Eric Foster sacks David Garrard – What kind of misguided team puts a miniature 265-pound tackle in the middle of its defense? Oh, that's right, the Bill Polian-built Colts. Foster has seen limited playing time in his two-year career. Hell, he's not even big enough to work for the Cold, Hard Football Facts tailgate team, let alone work in the middle of the trenches of an NFL defense.
Foster had produced just half a sack in those two seasons, back in Indy's 42-6 destruction of the Rams earlier this year. But the tiny cog of a tackle twice came up H-U-G-E against Jacksonville.
The Jags faced 3rd and 1 at the Indy 22 on the game's first drive. Instead of blowing Indy's undersized D-line off the ball with a run behind some of the league's best Offensive Hogs, the Jags dropped back to pass. Foster hit Garrard, forcing a fumble, which the Jags recovered. The result was a 10-yard loss and a Josh Scobee field goal instead of touchdown – a huge four-point swing in a four-point game.
Foster reared his tiny little head again on a critical play in the fourth quarter: The Colts had just taken their 35-31 lead when the Jags faced a 3rd & 13 at their own 39. Not an easy down, but certainly two-down territory for a team fighting desperately for its playoff life.
Garrard dropped back to pass and got dropped again by Foster. Fourth-and-20 is a lot tougher to convert than 4th-and-3. The Jags punted away their second-to-last drive of the game. Foster, who entered the game with just half a sack in his two-year career, picks up two in the same game, both critical contributions to victory.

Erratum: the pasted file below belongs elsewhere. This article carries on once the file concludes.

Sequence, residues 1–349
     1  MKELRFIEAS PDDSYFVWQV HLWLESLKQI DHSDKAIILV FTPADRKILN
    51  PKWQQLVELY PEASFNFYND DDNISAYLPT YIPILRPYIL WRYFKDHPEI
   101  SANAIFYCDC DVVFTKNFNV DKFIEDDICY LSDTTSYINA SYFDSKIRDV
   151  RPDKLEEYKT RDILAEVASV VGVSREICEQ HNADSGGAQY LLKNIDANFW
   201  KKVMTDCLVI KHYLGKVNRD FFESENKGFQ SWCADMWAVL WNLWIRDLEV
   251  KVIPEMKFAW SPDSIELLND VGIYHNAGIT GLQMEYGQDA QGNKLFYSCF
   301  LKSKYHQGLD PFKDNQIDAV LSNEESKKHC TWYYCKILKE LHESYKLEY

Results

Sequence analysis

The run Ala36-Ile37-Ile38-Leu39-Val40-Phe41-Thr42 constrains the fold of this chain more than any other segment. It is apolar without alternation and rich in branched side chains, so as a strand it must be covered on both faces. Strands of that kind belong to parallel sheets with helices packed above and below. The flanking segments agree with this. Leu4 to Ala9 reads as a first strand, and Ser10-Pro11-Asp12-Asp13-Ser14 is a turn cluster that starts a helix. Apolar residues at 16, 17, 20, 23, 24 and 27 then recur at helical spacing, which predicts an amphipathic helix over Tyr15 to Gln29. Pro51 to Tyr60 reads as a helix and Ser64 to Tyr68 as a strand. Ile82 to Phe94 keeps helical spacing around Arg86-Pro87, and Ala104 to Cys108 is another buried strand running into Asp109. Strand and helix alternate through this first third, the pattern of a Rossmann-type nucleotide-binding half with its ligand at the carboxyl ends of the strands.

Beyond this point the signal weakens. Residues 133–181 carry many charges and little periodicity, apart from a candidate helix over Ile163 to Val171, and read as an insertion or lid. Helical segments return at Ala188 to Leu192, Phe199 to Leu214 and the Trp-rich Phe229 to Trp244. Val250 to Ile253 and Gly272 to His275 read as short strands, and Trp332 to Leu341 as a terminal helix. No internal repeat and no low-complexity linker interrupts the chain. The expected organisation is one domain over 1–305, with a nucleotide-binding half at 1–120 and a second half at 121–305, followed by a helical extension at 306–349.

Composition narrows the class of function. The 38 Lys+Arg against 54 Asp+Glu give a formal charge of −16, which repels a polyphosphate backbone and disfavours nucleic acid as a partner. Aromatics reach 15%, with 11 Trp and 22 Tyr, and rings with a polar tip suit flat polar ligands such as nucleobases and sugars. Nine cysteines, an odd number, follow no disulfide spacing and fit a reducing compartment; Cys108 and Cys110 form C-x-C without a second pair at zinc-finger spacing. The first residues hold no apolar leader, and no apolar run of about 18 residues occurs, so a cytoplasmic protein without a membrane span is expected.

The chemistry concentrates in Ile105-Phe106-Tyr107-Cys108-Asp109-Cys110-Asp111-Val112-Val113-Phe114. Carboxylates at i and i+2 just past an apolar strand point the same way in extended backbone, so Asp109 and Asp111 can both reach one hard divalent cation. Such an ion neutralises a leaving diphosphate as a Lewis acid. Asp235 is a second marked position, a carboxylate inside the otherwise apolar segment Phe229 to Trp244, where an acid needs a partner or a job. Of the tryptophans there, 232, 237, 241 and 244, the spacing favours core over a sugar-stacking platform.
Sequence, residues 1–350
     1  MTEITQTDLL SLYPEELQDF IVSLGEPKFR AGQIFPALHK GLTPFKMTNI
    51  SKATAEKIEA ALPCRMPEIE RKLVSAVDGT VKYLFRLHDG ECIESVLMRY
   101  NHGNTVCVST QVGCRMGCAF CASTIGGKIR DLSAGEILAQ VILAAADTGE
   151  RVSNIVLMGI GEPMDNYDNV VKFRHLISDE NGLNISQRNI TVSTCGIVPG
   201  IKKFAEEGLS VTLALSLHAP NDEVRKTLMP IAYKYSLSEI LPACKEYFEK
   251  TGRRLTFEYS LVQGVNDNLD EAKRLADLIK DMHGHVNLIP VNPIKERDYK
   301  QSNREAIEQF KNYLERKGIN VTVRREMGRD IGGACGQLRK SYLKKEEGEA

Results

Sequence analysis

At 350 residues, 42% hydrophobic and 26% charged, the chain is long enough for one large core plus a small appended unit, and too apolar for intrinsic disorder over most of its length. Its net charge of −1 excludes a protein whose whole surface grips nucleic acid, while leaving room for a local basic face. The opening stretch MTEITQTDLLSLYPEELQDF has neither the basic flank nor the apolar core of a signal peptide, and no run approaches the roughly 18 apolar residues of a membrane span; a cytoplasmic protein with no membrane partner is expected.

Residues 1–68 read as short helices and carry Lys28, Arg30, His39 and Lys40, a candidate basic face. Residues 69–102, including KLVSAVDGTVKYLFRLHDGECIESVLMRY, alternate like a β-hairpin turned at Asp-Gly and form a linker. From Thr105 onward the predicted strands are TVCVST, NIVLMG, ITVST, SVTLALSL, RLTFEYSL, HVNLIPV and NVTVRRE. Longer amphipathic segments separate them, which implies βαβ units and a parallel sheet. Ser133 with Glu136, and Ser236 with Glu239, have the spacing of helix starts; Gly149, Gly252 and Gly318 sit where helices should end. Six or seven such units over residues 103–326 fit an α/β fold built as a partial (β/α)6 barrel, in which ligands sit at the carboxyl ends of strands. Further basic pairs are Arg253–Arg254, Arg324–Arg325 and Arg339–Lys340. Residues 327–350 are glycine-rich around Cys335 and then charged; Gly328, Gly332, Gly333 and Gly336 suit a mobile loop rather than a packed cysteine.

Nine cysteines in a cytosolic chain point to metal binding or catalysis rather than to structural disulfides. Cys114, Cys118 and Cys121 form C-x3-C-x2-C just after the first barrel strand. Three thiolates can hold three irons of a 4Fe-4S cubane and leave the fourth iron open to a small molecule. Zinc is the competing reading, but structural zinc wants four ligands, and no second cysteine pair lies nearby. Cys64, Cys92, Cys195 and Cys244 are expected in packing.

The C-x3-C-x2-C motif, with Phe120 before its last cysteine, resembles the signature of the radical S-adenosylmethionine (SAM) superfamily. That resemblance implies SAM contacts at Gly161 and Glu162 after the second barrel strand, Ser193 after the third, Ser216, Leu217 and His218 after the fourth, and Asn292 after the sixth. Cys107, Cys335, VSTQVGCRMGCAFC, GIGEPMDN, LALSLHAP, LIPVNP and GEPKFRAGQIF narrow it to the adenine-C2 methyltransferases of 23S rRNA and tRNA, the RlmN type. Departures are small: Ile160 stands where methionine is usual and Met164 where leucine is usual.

Jacob Lacey's game-sealing INT – Lacey is another one of those young, speedy but woefully undersized sprockets of a defender (177 pounds) in the classic Bill Polian/Tony Dungy (and now Jim Caldwell) mold. The rookie has become a starter over the second half of the year and has made a handful of contributions, but none bigger than his pick of Garrard in the final seconds Thursday night.
Defenders hauling in the game-sealing pick in the fourth quarter has become a signature of Indy's run since the Super Bowl season of 2006 (Marlin Jackson, anyone?). This week it was the unheralded Lacey's turn to walk off the field with the game in his hands.
Peyton Manning's 65-yard TD pass to Reggie Wayne – With the cogs and sprockets pulling their fair share of the load, it was time for the high-powered pistons to crank out the victory.
The Jags and Colts combined for 59 points through the first three quarters, with Jackonsville holding a 31-28 lead, and the game had all the appearances of one of those "last-team-to-score-will-win" type of contests. Naturally, the Colts defense rose to the occasion, blanking the Jags in the final frame. Naturally, the Colts scored the only points of the fourth quarter. Naturally, it was spectacular: a 65-yard rainbow down the left sideline from Manning to Wayne with 5:23 to play in the game.
Naturally, the well-oiled Colts victory machine chugged along to another victory, with all the powerful pistons, and all the tiny cogs and sprockets, firing in perect 14-0 unison.